Comprehensive information about the amount of land devoted to different uses is not currently collected in any nationally consistent way. This new database, which my Department is developing in partnership with the Local Government Management Board, Ordnance Survey, English Partnerships and local authorities, will eventually comprise a definitive database of land use in England, in a form that can readily be kept up to date.

For the first phase, results for which will be available in April, local authorities have been asked to provide information on previously developed sites in their area that may be available for redevelopment for new housing or other uses. This information will assist in the setting of regional targets for the re-use of previously developed land for housing, as announced in the policy document "Planning for the Communities of the Future".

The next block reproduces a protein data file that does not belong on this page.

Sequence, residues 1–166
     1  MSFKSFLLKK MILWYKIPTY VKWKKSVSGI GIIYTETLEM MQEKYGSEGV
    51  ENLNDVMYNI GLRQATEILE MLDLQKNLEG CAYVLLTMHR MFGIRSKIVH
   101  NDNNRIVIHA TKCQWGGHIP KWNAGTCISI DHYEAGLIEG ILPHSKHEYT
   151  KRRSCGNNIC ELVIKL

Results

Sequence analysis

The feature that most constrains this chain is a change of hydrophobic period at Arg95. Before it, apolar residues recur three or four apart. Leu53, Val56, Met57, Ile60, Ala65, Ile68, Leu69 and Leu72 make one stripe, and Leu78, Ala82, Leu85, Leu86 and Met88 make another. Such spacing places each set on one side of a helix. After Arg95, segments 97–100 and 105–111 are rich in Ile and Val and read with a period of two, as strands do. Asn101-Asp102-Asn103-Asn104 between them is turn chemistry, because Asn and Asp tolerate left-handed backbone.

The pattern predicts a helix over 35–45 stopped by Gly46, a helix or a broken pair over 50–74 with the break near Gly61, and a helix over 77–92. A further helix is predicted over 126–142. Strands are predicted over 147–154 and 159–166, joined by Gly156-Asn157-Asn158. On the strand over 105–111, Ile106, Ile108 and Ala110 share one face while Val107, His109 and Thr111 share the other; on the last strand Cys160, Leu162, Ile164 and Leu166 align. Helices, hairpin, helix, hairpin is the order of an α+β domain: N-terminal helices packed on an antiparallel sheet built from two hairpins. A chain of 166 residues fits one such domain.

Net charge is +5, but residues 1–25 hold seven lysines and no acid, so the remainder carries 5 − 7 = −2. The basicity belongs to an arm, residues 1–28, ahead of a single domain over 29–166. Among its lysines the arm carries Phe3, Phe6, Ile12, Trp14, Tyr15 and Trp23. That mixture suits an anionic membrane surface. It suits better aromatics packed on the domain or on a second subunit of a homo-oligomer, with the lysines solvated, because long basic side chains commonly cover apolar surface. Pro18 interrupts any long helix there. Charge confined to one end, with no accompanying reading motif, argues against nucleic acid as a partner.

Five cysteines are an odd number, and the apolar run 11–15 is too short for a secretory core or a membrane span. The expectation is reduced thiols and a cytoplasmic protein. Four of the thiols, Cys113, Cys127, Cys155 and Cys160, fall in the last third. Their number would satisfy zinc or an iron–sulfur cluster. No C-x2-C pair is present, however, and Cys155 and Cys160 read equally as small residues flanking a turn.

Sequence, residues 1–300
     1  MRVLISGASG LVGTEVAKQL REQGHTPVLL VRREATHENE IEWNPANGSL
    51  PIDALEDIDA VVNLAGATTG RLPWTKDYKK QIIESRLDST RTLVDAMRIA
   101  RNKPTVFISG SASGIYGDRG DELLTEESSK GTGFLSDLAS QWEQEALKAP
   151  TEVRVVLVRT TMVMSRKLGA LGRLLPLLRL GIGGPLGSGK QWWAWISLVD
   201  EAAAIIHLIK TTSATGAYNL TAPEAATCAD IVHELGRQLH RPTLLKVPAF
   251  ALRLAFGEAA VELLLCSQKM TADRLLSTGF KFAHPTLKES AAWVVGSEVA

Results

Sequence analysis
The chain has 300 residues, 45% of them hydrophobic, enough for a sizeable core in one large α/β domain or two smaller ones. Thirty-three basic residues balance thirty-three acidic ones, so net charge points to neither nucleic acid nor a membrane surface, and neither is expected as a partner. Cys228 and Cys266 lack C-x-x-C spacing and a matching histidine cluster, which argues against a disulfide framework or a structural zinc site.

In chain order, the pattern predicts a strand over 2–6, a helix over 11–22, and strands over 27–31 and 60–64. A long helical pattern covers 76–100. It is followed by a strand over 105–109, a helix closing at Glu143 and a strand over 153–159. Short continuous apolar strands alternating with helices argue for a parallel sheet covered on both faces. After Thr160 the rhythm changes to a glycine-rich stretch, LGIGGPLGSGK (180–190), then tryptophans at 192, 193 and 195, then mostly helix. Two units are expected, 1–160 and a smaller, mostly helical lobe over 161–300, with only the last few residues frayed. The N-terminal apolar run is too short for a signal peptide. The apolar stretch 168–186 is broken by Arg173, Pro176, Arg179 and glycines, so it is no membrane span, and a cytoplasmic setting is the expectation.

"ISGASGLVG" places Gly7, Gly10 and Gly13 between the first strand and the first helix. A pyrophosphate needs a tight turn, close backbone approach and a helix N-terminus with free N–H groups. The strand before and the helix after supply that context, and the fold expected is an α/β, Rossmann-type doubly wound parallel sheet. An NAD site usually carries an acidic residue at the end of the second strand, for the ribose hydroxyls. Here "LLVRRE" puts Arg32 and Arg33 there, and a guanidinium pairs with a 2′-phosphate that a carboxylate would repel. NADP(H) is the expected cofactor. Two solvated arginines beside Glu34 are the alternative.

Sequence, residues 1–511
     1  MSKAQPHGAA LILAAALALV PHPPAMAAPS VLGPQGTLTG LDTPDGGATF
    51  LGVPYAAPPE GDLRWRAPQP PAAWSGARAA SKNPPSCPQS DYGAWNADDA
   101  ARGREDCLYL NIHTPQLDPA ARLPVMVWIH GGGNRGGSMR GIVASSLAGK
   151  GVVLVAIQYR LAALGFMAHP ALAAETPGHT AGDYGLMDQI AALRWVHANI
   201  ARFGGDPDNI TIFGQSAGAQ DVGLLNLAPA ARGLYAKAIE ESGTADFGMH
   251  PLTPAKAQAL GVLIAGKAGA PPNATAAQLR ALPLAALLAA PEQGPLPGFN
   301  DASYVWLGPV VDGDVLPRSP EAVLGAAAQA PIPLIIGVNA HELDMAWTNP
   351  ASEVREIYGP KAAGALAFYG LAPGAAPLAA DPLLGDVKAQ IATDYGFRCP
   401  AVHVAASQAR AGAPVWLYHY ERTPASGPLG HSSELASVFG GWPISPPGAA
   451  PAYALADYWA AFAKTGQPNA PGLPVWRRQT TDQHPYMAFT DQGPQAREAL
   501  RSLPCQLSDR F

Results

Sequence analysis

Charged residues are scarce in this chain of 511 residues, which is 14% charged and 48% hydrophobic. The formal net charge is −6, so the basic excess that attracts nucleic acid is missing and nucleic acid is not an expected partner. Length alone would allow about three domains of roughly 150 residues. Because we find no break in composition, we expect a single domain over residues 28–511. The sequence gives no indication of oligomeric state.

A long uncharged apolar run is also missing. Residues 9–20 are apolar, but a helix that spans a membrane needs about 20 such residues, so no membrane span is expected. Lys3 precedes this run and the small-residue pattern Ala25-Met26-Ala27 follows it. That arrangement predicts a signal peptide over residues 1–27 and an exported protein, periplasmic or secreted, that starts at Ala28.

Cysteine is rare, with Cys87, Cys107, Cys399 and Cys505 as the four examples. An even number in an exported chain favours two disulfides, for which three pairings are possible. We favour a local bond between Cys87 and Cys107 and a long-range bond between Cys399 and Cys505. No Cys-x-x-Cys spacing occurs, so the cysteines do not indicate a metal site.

With our partners in NLUD, we have taken a number of steps to assist local authorities in providing the information. These include:



    database--each local authority will be given a copy of a customised database, to help them in capturing the information;


    surveyors--English Partnerships will be contracting surveyors to visit each local authority to assist them in drawing up their list of sites;


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    helpline--there is a dedicated helpline for local authorities to call if they have queries.


In addition, we recognise the tight timetable for supply of the data and have extended the deadline to early February 1999.